MY BREASTS ARE NONE OF YOUR BUSINESS!
I’m so tired of myself and other breastfeeding mothers getting bullied by strangers, like you, over the internet, or even in public. Seriously, how is the fact I am using my breasts for the purpose they are designed for, nourishing and comforting my child, any of your business?
You claim it is “indecent exposure.” The Merriam-Webster Dictionary has two definitions for “indecent exposure.” First, “indecent exposure” is defined as, “Intentional exposure of part of one’s body (as the genitals) in a place where such exposure is likely to be an offense against the generally accepted standards of decency.” This definition refers to social norms and morals. However, I am not sitting in a restaurant or walking around the park butt naked. I am fully clothed. Men go without shirts all the time, yet, you don’t say they are being indecent. The difference between male and female breasts are well developed mammary glands and fat. Is it the soft fat you are against, because both males and females have nipples and areolas?
The second definition of indecent exposure is a legal one, “The crime of showing your sexual organs to other people in public.” Legally, many states allow women to be topless in public. An article in The New York Times discusses the legality of women going topless and how the police force was instructed not to arrest topless women. You can also find a list of states that women being topless is legal, such as New York, Texas, Louisiana, California, and Oregon. For a complete list go here. Also, like hands and mouths, breasts can be used for sexual purposes, but that is not their only use, or even their primary use. You don’t ask people to wear gloves or a mask when in public. You don’t look at hands and mouths and automatically think of sex; so why pervert breasts?
In my home state of Texas, it is legal for me to be topless in public, but I personally don’t feel comfortable with that type of freedom outside of my home (probably because breasts have been over sexualized and I was ridiculed for their small size and not really developing until I was 18). To any woman that has that type of physical confidence, I salute you. So, I do wear a shirt in public, usually spaghetti straps that are loose and low enough for my son to nurse easily; because of the need for it to stretch I do have cleavage showing. My cleavage never seems to turn heads; however, when I latch my son on to my breast I have gotten negative stares and comments. My question for you is, how is my cleavage socially excepted, but when my son’s large head covers more of my breast than the spaghetti strap shirt I am wearing does, or what you would see if you were at the pool with me, how do my breasts magically become obscene?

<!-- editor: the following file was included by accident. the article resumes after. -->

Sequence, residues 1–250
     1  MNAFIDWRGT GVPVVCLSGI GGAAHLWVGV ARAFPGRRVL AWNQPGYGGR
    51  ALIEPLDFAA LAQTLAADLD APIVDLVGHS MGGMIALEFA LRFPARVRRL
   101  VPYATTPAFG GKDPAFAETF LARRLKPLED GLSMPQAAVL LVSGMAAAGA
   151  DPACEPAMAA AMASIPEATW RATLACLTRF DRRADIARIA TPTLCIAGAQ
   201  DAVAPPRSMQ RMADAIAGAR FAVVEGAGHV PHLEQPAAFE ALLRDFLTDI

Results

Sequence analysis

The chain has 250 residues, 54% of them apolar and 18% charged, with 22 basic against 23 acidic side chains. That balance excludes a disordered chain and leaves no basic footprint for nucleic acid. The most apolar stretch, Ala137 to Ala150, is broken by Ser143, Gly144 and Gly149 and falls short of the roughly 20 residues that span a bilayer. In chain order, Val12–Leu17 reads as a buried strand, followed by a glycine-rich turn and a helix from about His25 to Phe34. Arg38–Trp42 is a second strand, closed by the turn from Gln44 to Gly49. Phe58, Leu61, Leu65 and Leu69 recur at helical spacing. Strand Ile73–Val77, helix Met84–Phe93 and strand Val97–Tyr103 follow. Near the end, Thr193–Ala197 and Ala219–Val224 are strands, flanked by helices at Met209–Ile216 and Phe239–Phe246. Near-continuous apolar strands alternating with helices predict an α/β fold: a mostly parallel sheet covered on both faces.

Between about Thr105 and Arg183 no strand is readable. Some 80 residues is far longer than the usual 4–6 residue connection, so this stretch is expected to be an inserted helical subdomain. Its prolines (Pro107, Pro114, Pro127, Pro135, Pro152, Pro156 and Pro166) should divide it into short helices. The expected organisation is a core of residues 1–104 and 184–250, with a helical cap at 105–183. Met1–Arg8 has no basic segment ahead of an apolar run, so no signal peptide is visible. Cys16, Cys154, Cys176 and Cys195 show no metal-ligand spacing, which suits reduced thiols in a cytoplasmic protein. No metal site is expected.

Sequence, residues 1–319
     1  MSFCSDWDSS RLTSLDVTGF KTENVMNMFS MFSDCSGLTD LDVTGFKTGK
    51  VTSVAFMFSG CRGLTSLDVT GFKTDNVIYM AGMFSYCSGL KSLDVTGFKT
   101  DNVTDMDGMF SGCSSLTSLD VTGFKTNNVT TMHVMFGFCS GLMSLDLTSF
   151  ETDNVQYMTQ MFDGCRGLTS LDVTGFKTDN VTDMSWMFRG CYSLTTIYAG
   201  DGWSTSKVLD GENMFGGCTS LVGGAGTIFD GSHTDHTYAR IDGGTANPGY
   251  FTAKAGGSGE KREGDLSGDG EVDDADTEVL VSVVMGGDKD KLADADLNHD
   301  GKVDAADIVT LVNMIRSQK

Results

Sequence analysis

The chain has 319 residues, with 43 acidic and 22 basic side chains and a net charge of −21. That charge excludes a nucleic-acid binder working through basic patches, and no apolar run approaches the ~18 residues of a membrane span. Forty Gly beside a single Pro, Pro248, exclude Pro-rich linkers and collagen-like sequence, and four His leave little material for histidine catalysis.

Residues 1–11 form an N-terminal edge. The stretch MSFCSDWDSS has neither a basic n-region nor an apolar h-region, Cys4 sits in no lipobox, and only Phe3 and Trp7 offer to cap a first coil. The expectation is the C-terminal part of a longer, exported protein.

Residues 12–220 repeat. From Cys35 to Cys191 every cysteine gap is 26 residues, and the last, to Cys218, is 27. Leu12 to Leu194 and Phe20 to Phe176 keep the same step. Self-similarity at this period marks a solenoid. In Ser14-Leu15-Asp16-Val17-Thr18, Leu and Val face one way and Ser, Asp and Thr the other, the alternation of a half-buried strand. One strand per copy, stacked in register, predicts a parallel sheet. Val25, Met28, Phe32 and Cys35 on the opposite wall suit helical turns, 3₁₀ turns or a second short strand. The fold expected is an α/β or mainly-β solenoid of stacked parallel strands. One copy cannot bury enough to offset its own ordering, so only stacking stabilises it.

Another complaint I have seen stated on social media is that breastfeeding in public, specifically in a restaurant, is unsanitary for everyone eating. Really!? My breasts and the nourishing milk being consumed by my child is contaminating your food? This is a preposterous idea. The only way it would be unsanitary is if I went around squirting my breastmilk in your face and on your food. However, knowing all of the amazing benefits and how I have used my milk for wound care and infection, not just on my child, but also on myself and my husband, you would most likely be reaping the benefit from my liquid gold. Trust me, my breast milk is going into my child’s mouth. It isn’t like a faucet. I’m not turning my breasts on and letting milk spew everywhere. Most nursing mothers only leak during the first few months, while she is establishing supply. During this time, we wear nursing pads in our bras, not to keep things sanitary, but to keep our shirts dry.
Also, Stranger, don’t tell me to cover with a blanket. Would you like to eat with your head under a blanket? I live in Texas and my son is a little heater, neither one of us would enjoy sweating while our skin is pressed together. Not to mention, my son hates blankets and was scared of the dark the first year of his life. He refuses to even sleep with a blanket on his legs. By the way, I’m also going to say a big fat, “NO” to nursing in the bathroom. Now that would truly be disgusting and unsanitary (poop and pee particles flying in the air when a toilet without a lid is flushed). My child has the right to eat when he is hungry, in a clean environment, just like everyone else. Just because he is a child doesn’t make him less important than you. Breastfeeding is a God-given right and protected by law. I am not going to shame my child to make you feel secure. I am not responsible for your comfort or happiness. I can only be responsible for myself and my family.
I have also seen the word “PUMP” too many times to count from anti-breastfeeding supporters like you. WE AREN’T DAIRY COWS! Pumping isn’t easy. So, I’m going to do my thing and give you a little education on breastfeeding and pumping:
- A healthy baby is always more sufficient at removing milk from the breast than a pump can ever be. The average most women can pump per SESSION, not per breast, is 1-3 ounces. Kellymom.com shows the average exclusively breastfed baby takes in 25 ozs per day between the ages of 1 month and 6 months; while the typical range of breastmilk intake is 19-30 ozs per day. It takes 15-30 minutes to accomplish one pump session. If you are Power Pumping to increase supply, it takes 1 hour. That is a lot of time attached to a pump.